Frisco council discusses overcoming bias, creating equitable policies |

Frisco council discusses overcoming bias, creating equitable policies

Town Council completes second leg of social equity training

The Frisco Town Council took part in the second of two racial equity training sessions last week, continuing to build on topics like normalizing discussions about race and creating a more inclusive community.

Town Council members joined representatives of the National League of Cities’ Race, Equity and Leadership team for the second session Tuesday, May 25, the one-year anniversary of the murder of George Floyd that triggered local and national protests and spurred deeper talks about racial equity in Summit County. During the meeting, presenters worked with the council on how to identify implicit biases and provided guidance on how best to ensure town policies and practices are equitable for all people.

The presenters went through their definitions of equality and equity, saying that equality presents all individuals with a level playing field while equity addresses historical barriers and different experiences to provide everyone with the same opportunities. They then dove into a conversation about how biases are a natural result of subconscious efforts to categorize and create associations, and how acknowledging them can lead to positive changes.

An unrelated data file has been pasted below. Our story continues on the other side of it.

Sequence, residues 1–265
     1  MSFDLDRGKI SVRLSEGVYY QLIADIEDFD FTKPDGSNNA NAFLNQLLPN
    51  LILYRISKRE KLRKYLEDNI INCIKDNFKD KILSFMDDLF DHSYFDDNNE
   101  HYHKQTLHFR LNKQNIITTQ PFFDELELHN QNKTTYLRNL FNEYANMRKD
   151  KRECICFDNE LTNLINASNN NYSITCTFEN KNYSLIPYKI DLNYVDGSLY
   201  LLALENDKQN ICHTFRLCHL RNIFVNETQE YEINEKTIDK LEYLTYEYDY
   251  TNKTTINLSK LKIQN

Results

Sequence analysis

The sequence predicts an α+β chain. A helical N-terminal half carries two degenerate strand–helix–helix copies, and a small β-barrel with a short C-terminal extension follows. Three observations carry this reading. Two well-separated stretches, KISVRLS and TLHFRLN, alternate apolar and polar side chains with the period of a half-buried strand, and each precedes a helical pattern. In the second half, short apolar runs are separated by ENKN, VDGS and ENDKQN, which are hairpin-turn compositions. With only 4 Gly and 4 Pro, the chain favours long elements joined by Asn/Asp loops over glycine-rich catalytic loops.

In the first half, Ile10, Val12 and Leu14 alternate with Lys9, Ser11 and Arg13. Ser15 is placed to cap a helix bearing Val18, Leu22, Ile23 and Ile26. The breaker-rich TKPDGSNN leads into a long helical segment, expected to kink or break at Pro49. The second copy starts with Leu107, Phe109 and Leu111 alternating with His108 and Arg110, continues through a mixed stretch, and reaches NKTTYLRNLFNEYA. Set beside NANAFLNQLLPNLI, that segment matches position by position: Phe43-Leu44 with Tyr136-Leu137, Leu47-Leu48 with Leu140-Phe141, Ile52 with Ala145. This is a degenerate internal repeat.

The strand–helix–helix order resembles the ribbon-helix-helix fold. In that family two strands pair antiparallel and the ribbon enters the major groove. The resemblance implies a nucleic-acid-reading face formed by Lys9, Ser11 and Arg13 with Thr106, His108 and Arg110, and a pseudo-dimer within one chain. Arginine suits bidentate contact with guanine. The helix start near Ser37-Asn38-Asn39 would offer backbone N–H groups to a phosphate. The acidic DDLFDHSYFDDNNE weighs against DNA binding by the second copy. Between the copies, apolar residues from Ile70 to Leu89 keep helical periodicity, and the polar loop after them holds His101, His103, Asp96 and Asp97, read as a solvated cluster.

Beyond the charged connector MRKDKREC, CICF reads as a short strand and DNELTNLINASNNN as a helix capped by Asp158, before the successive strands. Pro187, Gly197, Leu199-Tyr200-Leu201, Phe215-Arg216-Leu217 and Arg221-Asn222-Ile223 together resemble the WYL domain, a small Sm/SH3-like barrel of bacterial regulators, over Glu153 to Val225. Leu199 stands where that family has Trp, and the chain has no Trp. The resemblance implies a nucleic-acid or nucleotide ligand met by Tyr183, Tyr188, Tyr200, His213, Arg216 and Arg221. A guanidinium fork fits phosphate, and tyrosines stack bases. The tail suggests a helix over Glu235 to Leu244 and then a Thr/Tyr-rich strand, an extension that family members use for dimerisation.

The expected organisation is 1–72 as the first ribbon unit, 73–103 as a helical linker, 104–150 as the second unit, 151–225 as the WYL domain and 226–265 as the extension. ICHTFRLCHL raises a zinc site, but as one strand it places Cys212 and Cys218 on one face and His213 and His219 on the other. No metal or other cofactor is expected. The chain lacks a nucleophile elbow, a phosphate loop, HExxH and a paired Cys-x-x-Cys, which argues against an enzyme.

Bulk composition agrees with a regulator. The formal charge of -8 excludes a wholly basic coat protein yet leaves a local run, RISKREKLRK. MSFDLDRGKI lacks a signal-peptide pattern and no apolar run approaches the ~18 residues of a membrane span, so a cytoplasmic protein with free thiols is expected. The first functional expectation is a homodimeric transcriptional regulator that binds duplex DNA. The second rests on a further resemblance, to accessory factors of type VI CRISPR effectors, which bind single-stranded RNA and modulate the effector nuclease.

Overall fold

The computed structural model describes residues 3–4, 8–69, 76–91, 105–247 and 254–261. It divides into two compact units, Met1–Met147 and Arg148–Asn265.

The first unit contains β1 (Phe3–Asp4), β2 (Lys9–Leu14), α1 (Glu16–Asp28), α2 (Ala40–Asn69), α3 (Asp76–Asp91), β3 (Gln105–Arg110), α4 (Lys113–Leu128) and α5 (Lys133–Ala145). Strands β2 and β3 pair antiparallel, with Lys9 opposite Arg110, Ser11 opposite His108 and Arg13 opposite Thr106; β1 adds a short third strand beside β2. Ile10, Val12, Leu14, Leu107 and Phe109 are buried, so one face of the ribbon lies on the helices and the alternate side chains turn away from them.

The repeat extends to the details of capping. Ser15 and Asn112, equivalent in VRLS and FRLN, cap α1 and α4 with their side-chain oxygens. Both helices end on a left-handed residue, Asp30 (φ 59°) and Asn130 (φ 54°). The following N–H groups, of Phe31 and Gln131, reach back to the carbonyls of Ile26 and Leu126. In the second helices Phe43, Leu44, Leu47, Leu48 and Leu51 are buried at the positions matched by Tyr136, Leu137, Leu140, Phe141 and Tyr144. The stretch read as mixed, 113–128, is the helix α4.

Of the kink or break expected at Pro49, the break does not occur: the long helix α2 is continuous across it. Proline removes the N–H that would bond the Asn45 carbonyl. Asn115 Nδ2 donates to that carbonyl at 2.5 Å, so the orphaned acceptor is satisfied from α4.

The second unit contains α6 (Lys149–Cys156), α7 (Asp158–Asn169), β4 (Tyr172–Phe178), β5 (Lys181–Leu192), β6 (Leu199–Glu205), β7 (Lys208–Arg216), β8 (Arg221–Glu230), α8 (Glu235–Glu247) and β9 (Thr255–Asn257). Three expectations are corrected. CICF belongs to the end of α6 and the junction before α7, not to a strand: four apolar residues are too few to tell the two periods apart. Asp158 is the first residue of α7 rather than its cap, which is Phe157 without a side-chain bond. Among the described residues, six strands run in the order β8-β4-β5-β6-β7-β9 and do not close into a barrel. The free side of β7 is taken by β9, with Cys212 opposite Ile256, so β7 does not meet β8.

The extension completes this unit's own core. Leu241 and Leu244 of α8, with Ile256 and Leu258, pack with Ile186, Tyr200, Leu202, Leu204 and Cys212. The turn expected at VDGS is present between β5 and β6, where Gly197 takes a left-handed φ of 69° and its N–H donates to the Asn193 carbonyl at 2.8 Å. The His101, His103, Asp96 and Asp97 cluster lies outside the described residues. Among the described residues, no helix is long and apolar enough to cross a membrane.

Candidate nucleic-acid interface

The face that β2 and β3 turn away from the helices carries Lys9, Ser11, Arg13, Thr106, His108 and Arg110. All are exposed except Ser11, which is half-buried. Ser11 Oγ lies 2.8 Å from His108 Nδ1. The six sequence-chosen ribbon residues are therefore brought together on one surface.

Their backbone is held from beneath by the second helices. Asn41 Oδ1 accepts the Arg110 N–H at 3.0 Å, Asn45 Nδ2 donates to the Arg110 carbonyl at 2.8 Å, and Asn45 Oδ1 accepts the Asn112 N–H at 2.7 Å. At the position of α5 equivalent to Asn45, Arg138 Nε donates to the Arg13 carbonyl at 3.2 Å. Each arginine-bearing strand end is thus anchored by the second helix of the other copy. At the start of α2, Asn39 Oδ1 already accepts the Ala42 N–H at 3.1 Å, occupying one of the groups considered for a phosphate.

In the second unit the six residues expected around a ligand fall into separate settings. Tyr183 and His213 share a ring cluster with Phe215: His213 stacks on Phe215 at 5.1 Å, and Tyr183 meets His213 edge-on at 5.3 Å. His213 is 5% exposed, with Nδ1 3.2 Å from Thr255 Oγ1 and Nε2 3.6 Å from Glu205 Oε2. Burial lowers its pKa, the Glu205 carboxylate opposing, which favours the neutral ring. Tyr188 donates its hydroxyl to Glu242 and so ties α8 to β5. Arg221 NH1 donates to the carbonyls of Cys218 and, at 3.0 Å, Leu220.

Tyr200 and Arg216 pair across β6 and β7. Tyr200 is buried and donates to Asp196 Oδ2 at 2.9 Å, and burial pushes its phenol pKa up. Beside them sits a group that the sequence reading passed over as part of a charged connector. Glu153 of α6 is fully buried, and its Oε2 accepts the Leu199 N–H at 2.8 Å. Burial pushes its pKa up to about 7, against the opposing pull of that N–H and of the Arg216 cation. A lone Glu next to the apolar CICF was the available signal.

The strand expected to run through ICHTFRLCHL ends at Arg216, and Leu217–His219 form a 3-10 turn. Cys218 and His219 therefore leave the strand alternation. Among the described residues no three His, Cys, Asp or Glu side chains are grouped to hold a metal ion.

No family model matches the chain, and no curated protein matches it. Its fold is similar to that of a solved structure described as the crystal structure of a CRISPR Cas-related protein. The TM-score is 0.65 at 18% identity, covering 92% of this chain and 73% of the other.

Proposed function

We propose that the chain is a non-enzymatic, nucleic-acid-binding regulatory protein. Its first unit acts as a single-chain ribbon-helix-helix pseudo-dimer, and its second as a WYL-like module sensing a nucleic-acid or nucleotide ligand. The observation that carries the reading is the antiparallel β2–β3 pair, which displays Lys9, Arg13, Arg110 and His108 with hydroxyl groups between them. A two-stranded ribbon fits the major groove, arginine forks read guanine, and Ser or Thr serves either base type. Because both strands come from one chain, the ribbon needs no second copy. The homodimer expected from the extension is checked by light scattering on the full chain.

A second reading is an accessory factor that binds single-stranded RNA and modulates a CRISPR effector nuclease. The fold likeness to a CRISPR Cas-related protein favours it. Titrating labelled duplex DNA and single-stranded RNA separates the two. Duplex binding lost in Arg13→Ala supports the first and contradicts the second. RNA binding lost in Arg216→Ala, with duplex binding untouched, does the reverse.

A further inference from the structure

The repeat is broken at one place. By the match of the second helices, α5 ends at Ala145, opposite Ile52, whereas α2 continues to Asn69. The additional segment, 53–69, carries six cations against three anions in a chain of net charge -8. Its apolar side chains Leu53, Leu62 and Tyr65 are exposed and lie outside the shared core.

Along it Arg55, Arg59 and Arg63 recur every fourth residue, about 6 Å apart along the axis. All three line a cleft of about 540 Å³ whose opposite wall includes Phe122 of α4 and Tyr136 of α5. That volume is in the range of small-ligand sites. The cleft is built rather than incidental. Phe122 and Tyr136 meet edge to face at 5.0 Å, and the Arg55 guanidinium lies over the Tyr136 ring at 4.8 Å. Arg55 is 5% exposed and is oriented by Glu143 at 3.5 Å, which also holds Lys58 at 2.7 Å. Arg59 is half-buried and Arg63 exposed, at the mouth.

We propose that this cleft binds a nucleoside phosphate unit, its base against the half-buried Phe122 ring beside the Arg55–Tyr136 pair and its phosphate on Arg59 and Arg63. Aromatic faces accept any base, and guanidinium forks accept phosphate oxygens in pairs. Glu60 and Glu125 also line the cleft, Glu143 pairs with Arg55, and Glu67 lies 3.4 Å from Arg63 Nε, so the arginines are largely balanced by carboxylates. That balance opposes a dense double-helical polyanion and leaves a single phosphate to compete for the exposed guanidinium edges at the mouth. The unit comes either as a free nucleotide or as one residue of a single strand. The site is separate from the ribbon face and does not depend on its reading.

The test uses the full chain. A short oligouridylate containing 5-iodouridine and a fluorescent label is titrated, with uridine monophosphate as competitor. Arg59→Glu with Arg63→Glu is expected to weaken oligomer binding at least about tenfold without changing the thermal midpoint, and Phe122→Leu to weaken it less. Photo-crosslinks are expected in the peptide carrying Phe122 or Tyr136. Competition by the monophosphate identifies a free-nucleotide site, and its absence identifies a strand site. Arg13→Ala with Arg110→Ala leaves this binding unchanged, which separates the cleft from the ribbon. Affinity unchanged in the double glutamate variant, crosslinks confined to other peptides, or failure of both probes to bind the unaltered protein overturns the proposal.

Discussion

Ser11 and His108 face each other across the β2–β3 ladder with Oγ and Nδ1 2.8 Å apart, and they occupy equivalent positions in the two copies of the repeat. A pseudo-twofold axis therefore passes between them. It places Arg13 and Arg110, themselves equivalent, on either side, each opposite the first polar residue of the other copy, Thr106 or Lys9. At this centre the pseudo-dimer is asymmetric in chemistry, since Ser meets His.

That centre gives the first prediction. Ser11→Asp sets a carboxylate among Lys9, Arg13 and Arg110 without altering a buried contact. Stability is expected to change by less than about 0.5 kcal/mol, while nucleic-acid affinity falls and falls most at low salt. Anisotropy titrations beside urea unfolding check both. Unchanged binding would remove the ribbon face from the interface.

Rita Soler Ossolinski, program director at the National League of Cities, shared her experience confronting bias. She told a story about a time she was trying to register voters and was approached by someone who told her she hadn’t asked any Black people to register. She noted that by being informed of her bias, she was able to take agency over her actions and work to improve.

“I was so appreciative that someone held up a mirror,” Soler Ossolinski said. “… Implicit bias doesn’t necessarily reflect reality because your brain is seeing one thing and your mouth might be saying something else. But what happens is it forces us to make judgments, just like I was not stopping everyone and asking them to register to vote. Our implicit biases get expressed in ways that are influenced by society, and it leads us to identify certain groups with certain characteristics not necessarily based on fact.”

Officials voiced some of the biases they’ve observed in Summit County. Council member Melissa Sherburne pointed to the town’s marketing materials, saying they didn’t show the diversity of people in the town and fail to target individuals from different backgrounds. She also spoke about some deed-restricted housing in the county that requires U.S. citizenship for eligibility, a requisite she called a major hurdle for important members of the workforce.

Council member Jessie Burley said she’s noticed bias in the way some locals treat visitors.

“I live right near a trailhead, and a lot of times I hear just the explicit, ‘Go back to Denver. Go back to where you came from!’” Burley said. “That’s not even a racial thing; that’s just us versus them.”

The group talked about how explicit biases in government policies should be eliminated but that the impacts of those policies will often linger. Council member Andy Held gave an example from his upbringing, when students at his high school continued to segregate themselves after it was no longer school policy.